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Gradiva finds the anthropomorphic ruins (1931)
Gradiva retrouve les ruines anthropomorphiques
Analysis: “Gradiva Finds the Anthropomorphic ruins” was based on a German story, analyzed by Freud, of an archeologist who falls in love with Gradiva, a girl he sees in a Greek stone relief. He later finds his true love, who is the reincarnation of Gradiva. The Surrealists took this myth for their own. For them, Gradiva meant “she who advances”, a woman who would lead to self-discovery. To Dalí, Gradiva was Gala, the realization of his fictional past loves and his muse.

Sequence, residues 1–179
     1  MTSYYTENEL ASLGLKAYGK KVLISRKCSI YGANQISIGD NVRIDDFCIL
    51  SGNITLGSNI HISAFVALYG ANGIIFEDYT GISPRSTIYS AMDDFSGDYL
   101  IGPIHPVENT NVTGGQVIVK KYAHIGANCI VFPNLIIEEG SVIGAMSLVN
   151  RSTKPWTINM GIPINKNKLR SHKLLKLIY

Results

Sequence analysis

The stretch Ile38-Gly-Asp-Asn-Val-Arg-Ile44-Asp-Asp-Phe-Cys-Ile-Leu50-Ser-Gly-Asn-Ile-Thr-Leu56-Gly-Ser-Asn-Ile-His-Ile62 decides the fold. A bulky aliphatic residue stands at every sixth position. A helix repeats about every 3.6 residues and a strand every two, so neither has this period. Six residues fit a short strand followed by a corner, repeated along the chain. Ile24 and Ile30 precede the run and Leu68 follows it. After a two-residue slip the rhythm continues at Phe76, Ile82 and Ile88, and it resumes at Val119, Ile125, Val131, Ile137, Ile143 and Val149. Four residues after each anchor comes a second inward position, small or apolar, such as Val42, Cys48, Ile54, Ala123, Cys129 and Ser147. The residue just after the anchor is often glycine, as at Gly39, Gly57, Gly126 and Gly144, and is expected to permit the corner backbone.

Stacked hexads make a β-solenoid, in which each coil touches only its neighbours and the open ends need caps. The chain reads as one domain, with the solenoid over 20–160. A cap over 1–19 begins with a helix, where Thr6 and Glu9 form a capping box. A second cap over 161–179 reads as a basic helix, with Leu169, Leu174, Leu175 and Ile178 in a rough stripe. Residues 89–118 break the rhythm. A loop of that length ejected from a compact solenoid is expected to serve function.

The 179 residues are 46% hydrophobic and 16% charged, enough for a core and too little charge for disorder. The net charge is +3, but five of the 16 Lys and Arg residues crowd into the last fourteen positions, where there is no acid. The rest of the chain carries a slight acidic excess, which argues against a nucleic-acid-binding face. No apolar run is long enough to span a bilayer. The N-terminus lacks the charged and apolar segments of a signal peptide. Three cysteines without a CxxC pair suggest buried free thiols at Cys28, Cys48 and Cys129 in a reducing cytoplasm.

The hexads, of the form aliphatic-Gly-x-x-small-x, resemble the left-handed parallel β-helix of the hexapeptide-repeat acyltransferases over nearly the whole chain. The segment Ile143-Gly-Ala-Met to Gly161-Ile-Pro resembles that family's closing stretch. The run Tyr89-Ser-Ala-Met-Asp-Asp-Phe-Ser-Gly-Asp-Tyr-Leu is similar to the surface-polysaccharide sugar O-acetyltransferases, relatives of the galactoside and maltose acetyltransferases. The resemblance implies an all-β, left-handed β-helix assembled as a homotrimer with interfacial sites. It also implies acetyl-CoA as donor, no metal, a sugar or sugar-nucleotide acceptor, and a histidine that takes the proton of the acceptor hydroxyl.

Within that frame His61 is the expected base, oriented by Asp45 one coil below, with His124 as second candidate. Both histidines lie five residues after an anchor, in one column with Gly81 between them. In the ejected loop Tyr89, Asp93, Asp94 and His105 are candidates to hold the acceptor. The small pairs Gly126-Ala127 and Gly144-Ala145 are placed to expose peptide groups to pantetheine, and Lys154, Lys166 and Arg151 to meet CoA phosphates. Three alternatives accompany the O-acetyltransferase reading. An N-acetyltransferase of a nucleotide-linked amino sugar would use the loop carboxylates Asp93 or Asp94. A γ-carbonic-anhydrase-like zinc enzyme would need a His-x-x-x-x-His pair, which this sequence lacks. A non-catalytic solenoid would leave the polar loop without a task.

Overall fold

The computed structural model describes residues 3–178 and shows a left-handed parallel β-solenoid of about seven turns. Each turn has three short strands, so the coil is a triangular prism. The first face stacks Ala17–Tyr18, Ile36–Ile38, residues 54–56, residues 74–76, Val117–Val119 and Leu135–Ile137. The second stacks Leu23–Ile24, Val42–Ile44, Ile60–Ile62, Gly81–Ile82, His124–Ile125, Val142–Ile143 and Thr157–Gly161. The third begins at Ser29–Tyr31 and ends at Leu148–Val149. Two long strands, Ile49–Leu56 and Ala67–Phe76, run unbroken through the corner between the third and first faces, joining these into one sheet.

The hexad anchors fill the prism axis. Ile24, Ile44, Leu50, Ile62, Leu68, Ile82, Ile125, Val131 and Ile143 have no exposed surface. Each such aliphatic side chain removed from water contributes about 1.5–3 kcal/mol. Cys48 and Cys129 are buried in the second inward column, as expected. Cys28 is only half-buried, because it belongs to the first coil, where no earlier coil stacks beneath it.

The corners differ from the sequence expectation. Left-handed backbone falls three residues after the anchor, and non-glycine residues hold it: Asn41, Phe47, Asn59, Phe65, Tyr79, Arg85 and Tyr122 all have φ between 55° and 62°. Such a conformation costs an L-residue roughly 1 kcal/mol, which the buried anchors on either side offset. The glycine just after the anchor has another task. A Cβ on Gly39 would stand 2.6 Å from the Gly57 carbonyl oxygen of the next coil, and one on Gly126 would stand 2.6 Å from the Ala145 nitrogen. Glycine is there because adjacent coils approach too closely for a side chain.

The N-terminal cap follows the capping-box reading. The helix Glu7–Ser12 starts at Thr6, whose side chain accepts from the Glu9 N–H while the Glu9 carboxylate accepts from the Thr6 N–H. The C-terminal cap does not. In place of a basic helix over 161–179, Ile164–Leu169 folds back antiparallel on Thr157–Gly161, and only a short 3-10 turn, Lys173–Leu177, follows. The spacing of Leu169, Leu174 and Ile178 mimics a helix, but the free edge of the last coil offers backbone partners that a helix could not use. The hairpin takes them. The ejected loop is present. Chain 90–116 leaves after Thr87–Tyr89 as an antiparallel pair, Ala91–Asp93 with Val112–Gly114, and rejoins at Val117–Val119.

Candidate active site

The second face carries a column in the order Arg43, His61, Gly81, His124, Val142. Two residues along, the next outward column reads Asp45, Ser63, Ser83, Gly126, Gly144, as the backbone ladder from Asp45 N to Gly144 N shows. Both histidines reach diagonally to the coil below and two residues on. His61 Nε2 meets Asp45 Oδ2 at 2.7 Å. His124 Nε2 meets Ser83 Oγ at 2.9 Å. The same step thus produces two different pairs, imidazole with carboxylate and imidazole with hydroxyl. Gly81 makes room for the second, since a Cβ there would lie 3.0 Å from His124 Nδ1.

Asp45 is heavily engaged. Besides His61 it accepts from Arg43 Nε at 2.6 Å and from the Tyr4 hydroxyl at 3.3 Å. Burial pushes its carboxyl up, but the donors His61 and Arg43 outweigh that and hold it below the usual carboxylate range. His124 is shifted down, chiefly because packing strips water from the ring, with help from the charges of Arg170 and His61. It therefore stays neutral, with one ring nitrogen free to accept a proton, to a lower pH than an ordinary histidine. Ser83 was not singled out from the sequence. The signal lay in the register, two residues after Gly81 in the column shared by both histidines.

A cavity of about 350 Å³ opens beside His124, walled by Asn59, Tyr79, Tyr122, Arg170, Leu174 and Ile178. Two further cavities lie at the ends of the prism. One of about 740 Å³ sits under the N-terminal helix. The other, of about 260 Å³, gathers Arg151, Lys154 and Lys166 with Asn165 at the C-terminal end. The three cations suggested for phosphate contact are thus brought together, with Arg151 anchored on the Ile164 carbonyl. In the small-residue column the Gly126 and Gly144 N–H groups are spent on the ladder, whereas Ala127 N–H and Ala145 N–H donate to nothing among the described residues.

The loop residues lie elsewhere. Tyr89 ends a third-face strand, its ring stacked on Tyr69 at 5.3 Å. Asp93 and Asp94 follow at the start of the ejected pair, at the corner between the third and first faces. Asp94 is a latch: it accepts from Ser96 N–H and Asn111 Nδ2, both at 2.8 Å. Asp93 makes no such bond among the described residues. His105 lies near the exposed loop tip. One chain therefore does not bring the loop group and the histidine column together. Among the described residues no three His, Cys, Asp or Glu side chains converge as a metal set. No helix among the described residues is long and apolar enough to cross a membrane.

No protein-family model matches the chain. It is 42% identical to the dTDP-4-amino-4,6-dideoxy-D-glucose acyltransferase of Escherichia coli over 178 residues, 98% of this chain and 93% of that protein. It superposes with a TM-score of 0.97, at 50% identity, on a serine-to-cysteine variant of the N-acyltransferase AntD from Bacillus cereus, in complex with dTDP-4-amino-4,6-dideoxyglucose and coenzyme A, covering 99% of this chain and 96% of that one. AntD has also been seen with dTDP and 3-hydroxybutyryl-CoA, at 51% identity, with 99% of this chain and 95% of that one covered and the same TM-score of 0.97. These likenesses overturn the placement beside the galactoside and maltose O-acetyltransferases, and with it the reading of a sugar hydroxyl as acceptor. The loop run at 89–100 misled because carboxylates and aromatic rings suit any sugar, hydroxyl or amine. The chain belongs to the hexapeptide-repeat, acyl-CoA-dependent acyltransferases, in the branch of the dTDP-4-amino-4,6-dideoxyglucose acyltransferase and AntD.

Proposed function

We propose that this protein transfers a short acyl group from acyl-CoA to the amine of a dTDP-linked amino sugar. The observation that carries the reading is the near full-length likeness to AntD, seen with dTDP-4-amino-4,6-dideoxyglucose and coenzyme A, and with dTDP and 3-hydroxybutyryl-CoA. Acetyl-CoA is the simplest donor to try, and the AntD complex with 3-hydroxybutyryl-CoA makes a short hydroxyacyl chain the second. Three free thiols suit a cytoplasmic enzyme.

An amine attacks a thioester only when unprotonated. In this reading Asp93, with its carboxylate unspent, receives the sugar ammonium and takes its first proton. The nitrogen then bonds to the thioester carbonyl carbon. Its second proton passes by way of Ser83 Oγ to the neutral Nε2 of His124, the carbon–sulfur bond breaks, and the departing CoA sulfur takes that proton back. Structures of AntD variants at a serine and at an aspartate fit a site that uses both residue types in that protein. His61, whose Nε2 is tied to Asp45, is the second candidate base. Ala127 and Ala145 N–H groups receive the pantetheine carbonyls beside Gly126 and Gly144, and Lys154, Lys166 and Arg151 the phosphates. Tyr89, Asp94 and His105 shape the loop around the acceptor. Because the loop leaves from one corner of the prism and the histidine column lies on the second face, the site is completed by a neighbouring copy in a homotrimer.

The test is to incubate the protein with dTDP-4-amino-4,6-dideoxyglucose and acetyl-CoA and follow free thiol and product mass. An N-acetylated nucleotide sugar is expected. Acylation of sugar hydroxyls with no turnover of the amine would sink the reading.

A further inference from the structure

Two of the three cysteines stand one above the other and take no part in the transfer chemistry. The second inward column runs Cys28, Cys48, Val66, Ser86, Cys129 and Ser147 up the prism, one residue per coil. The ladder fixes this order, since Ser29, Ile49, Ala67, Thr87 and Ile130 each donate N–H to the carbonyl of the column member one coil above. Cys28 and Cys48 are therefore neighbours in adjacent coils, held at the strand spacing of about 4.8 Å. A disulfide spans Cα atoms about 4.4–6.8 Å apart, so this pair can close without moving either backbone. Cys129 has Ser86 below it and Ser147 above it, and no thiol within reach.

In “Gradiva Finds the Anthropomorphic Ruins“, Dalí plays with the story of Gradiva. Set against a flat, dark landscape, she is in the foreground with her arms wrapped around a human shape that is made from stone, (Anthropomorphis). Parts of the figure are cracked and there are holes where the face, heart and genitals should be, implying that this creature is without any of the parts that constitute a human. The form of Anthropomorphis is similar to that of a figure, which can be interpreted as Dalí, in the painting “Solitude” (1931). The figure has a Dalínian inkwell on his shoulder and as Gradiva appears as Gala, the implication here is that Dalí is Anthropomorphis.